It looks like the case was originally for a CPAP machine.  There were instructions. Someone just found a better use for the bag.

So now we have to figure out what to do with these.  The husband wanted to toss them, but I said, let's wait. Gawd knows we don't want them, but let's not be too hasty. 

One friend said to ship it to them.  Just box it up and ship it.   No, that's the type of thing that can end up in front of a magistrate for harassment.  

One friend said to toss them. "You do not want to be the real reason why their marriage fails."  A point well taken. Why would I want to break up a marriage? That's their job, not mine.

Another friend suggested, "Call that excuse for a seller's agent and tell her you found this bag with some personal items, and well, do they want it back?"  Now that was delicious. 

But Cookie is taking another tact. I am not going to call them. Because I know that the one who hid the bag, and is missing that bag, is on edge wondering "Where did that bag go?"  He is wondering if we have found the bag, who else knows about the bag, and will his wife find out.  He knows that we know about what he likes, and what he is experimenting with.   And that is driving him bonkers.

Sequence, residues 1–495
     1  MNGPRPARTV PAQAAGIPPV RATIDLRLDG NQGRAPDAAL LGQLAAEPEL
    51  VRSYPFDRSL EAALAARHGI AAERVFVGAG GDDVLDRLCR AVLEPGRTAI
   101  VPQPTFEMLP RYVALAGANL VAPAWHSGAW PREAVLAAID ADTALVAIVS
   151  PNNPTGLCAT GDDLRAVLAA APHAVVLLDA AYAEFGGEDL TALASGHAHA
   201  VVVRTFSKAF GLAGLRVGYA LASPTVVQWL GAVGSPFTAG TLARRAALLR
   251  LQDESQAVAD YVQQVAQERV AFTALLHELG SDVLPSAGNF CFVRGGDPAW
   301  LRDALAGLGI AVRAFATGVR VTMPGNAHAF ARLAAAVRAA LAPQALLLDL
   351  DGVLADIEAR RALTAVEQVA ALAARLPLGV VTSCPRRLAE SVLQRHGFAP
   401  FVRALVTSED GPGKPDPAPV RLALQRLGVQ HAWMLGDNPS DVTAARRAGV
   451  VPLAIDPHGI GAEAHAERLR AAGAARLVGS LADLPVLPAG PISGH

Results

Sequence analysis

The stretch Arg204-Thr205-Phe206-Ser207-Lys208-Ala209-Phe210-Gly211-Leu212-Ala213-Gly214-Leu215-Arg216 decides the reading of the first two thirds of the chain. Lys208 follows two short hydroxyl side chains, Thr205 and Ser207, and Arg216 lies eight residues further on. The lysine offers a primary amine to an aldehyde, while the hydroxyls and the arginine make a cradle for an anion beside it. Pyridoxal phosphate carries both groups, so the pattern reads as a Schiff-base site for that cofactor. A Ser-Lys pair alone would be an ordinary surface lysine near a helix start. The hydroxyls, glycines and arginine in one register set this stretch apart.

Sometimes the best course of action is to do nothing, and just let them twist in the wind.  Self-doubt for the stunts they pulled on us is the best repayment yet.



Sunday, February 18, 2024

Nothing Special Edition: An unexpected snow.

 


We met friends for dinner last night.  

When I got up, yesterday morning, the sky was clear, and it was bright out, a rarity for NE Ohio this time of year.  As we neared noon, the creeping clouds came in from Lake Erie, nothing abnormal.  

But by 4:30, there was a layer of fine snow on the porch roof. 

The husband and I settled for some time with the dogs and the sofa, and by the time we went out at a quarter of six, the car really needed to be cleared off - with about two inches of fine powder snow. 

Now, the east side of Cleveland usually does a great job at clearing the roads, but last night, something was off.  The roads were white, the snow wasn't melting, and it was coming down kind of hard, but still fine, like frozen dust.

So we got to Geraci's on Warrensville Center and enjoyed the company and the catching up, the food came, and a good time was had by one and all.